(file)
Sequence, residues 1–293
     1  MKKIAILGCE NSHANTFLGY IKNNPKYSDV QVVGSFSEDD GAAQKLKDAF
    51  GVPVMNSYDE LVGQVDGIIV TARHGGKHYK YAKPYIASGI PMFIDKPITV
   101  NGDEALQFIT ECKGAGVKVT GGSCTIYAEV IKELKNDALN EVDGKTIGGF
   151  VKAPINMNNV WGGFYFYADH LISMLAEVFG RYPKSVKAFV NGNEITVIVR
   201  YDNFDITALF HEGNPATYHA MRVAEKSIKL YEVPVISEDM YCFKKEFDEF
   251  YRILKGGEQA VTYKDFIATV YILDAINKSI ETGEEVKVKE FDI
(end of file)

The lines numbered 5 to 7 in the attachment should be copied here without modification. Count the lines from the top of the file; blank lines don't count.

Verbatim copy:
   151  VKAPINMNNV WGGFYFYADH LISMLAEVFG RYPKSVKAFV NGNEITVIVR
   201  YDNFDITALF HEGNPATYHA MRVAEKSIKL YEVPVISEDM YCFKKEFDEF
   251  YRILKGGEQA VTYKDFIATV YILDAINKSI ETGEEVKVKE FDI